GE is reporting tomorrow. We all remember their Q1 results, which shocked the market. They seem pretty active in restructuring a bit, with news out this morning of potential consumer and industrial division spin offs. Any company that big is going to have too much trouble being nimble in a changing market.

Hang in there. Avoid the risk to bottom fish on troubled financial companies. Stick with strong brands, companies with growing earnings, and beneficiaries of global secular growth.

Tuesday, July 8, 2008

Boone Pickens Back Again

I've talked about Boone Pickens quite a bit here on the blog, and if you are familiar with him, prepare to be. He's going to be hitting the airwaves with his energy campaign, and I love it. Since our politicians aren't going to do anything about our energy problem, he's taking it directly to the people. The idea of his thesis is to take the large percentage of natural gas we use to generate electricity, and get that from wind and solar. Then we can use the natural gas, which is cleaner than gasoline and found in the US, to power our vehicles. His company, Clean Energy Fuels Corp. (CLNE) is providing the infrastructure. Although the stock is pretty speculative to this point, this campaign could get the next president on board with incentives, and that could make his stock explode.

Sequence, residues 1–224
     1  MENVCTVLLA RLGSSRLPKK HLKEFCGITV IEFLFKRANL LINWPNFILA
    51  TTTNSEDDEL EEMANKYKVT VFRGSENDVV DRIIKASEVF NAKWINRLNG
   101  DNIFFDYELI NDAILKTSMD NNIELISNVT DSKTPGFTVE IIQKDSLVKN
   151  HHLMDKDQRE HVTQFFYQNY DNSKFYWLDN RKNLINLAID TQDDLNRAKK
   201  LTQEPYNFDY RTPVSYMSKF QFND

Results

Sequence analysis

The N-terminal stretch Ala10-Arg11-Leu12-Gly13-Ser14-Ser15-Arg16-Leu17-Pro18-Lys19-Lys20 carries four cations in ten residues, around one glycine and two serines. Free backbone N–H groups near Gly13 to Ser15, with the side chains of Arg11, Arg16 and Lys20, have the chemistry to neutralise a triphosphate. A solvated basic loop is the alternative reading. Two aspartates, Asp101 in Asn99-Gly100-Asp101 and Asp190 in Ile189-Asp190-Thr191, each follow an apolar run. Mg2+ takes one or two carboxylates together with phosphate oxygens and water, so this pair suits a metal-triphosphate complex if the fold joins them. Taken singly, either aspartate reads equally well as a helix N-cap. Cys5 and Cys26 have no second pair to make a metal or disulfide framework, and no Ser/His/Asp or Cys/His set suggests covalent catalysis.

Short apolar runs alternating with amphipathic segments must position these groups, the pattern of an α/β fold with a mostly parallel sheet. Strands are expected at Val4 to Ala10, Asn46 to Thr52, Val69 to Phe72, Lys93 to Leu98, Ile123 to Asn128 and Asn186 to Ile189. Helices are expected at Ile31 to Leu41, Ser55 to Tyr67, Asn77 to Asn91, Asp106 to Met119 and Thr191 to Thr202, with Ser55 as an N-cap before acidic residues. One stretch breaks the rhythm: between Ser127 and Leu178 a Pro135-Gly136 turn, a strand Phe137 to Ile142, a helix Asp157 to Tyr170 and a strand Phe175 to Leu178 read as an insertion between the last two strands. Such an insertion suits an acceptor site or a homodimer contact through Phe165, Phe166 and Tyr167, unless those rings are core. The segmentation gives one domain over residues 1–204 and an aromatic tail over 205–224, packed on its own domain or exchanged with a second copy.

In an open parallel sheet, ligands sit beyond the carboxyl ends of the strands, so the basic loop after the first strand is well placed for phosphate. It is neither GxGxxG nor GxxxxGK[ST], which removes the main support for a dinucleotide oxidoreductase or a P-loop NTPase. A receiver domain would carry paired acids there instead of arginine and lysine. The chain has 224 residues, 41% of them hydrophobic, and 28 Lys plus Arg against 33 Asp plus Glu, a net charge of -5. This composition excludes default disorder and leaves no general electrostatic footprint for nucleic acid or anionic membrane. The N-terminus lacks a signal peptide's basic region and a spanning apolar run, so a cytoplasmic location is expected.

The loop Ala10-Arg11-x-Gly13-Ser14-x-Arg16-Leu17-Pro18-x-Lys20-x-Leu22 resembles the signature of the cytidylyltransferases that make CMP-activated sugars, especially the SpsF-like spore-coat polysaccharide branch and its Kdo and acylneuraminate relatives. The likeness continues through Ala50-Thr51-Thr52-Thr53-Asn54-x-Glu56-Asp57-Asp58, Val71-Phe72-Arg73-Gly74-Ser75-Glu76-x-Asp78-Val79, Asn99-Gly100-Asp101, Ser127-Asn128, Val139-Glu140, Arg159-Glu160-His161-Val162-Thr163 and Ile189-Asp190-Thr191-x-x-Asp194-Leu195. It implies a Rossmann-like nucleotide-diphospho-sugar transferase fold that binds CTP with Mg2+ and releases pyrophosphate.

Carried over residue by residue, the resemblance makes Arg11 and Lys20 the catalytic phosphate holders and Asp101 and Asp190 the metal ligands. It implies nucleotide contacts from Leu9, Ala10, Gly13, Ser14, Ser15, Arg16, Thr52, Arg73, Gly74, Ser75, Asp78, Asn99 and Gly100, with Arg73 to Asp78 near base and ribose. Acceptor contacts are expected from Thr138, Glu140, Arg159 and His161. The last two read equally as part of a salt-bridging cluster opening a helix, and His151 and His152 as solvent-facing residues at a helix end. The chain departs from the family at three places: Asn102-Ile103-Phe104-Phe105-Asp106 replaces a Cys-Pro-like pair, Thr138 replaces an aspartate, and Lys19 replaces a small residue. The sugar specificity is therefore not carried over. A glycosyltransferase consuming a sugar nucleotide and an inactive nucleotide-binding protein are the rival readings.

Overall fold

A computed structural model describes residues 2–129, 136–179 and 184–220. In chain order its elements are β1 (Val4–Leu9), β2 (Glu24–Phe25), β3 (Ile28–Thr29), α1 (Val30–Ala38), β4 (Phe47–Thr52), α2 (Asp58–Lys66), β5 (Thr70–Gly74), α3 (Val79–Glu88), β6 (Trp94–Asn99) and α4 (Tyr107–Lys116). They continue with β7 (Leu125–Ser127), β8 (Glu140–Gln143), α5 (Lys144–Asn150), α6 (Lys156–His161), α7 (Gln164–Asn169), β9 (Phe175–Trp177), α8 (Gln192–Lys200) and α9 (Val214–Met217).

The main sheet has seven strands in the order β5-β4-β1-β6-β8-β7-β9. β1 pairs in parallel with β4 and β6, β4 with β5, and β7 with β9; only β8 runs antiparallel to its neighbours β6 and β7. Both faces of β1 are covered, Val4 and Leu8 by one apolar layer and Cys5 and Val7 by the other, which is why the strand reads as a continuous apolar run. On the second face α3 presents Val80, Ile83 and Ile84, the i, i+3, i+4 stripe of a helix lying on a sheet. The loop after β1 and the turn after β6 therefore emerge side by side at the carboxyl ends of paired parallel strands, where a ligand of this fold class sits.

Here's the full story on his campaign from USA Today.

Here's the website for Pickens' new campaign.

And, here's a good video of him explaining the energy situation.

Can Earnings Jump Start This Market?

Earnings season kicks off today. As usual, Alcoa (AA) leads off. I'll talk about them in a minute. But first, lets look at the previous earnings cycle. We were coming off a major market drop (the march Bear Stearns low), so sentiment was poor. Estimates were dropping as analysts expected companies to announce massive layoffs following the December jobs report. But a lot of earnings surprised to the upside.